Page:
It seems like The Paperboy should have enough to make it an entertaining, trashy thriller. It has all of the right ingredients, with several actors giving strong performances just for the sake of adding on to a film that does not even really need it. Yet, the plot is shapeless and lacks anything that resembles a sense of urgency. There is plenty of material present to make a story that is much more engaging, but the film instead putters out fairly inconsistently, not quite knowing what to stick with or know what works best. The Paperboy is a swamp noir that gets caught in the muck.
Hillary Van Wetter: These your paperboys? What are they gonna do for me?
Charlotte Bless: They’re gonna save you.
The film stars Matthew McConaughey as Ward Jansen; a reporter for the Miami Times during the 1960s, who has returned to his hometown of Lately, Florida, along with his writing partner, Yardley Acherman (David Oyelowo). The two have come to Lately to look into the story of a man who has been convicted of killing a corrupt sheriff. This man is Hillary Van Wetter (John Cusack), who is now on death-row, but claims to have been framed. Joining Ward and Yardley on their visits to Hillary in prison is Charlotte Bless (Nicole Kidman), who is a death-row groupie of sorts, as she develops relationships with these types of prisoners. Also joining the group is Ward’s little brother Jack (Zac Efron), who quickly develops a crush on Charlotte. The story is narrated by the Jansen family’s maid, Anita (Macy Gray), who is well aware of Jack’s infatuation. As the story continues, we find out how far Ward’s investigation is able to go in order to possibly get him the great story he hopes to write and possibly help free Van Wetter, assuming he deserves freedom.
The Paperboy was inspired by a true story, which was then written as a novel by Pete Dexter. The film has been adapted for the screen and directed by Lee Daniels (Precious), who seems to have all the material he needs, but does not know how to connect the dots effectively. Instead, he has put together a messy film that features plenty of “Acting!” that ranges from Nicole Kidman being an incredibly sultry seductress to John Cusack at his most batshit insane redneckness, but without enough skill to make this an effective display that benefits all that the actors are trying for. Instead, we have actors that are trying, but we also have to deal with a film that has way too many stylistic flourishes that try to make a muddy bayou look more interesting than it is, awkward editing, and a lack of more in the way of assured storytelling.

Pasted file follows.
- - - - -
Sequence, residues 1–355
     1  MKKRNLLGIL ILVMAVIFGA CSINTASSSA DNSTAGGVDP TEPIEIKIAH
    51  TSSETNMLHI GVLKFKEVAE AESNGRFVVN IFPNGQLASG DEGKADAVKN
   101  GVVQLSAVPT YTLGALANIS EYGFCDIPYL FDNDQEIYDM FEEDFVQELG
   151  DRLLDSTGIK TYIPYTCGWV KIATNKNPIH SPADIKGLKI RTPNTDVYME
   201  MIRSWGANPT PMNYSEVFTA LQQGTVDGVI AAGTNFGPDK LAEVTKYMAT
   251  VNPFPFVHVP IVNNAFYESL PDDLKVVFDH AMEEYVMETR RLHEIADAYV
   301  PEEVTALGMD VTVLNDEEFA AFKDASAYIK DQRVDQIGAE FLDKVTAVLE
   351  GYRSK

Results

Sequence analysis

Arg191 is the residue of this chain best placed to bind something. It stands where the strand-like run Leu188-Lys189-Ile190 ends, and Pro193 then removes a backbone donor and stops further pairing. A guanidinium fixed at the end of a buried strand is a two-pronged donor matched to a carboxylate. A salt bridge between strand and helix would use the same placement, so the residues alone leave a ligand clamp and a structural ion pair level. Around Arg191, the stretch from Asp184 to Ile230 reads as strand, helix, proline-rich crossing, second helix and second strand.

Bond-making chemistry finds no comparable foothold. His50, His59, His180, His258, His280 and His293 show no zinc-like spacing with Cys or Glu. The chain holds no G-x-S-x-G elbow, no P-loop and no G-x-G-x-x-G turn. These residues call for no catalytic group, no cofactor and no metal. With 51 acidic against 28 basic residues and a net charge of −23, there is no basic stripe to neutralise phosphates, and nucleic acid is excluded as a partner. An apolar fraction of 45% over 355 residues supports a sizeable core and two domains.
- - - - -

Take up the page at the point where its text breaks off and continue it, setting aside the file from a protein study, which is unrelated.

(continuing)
There were plenty of opportunities to have the film worked, if it simply chose a path and stuck with it, but the film does not so much twist and turn as it just throws everything in and hopes it tastes good. I have seen other southern noirs that play out more effectively, despite all that is involved. 1998’s Wild Things is an easy callback, which similarly featured all of the elements of the most trashy story possible, but managed to have plenty of fun doing so in a well-conceived plot (yes, Wild Things does have more to offer than just those key scenes that many guys know). An even better example is this year’s Killer Joe (also featuring McConaughey), which took trailer trash depravity to new levels (I’m not sure how new at this point, given the presence of Honey Boo-Boo), but was still also incredibly twisted and darkly hilarious in a very good way. The Paperboy misses out on cashing in on the good it has, finding entertaining scenes, sure, but not enough to have one overlook the messiness of its storytelling and the flatness of its overall payoff.
It is a shame too, because there are some generally solid performances in this film. Most notable is probably Nicole Kidman, who seems to be the one actress involved that is gunning for award recognition. The way Kidman plays the Charlotte character is only more effective once you get to some of the deeper layers of her character and I liked that. It reminded me a bit of her breakout role in To Die For. Cusack is notable just because I have not seen him play this type of person before, which is a dirty, redneck slimeball. McConaughey continues to shine this year, even if he seems pretty at home with this character. Zac Efron unfortunately does not bring much to the table, as he is merely the looking glass for the audience and also seemingly in touch with the 60s equivalent of a Calvin Klein commercial, as he spends what seems like a majority of this film in his underwear. The last person to touch on is Macy Gray, who is actually quite good. I could have dealt without some of the ways that Daniels handled inserting her narration, but overall, if he can get an Oscar-winning performance out of Mo’Nique, then I am not surprised that he is able to get good work from Gray as well.
Other trashy noir/thrillers have covered this territory better. The Paperboy may seem like a stylish pulpy feature, but it lacks in other areas to give it more depth. Most of the actors step up to the plate, but the overall film cannot quite bring it home. Even the end of the film feels like it gave up. Sometimes a messy feature can still reach solid heights because of its ambition. This film seems to have misplaced that ambition, but tried anyway, only strike out by the end.
Charlotte Bless: I don’t think I’m gonna like living in a swamp.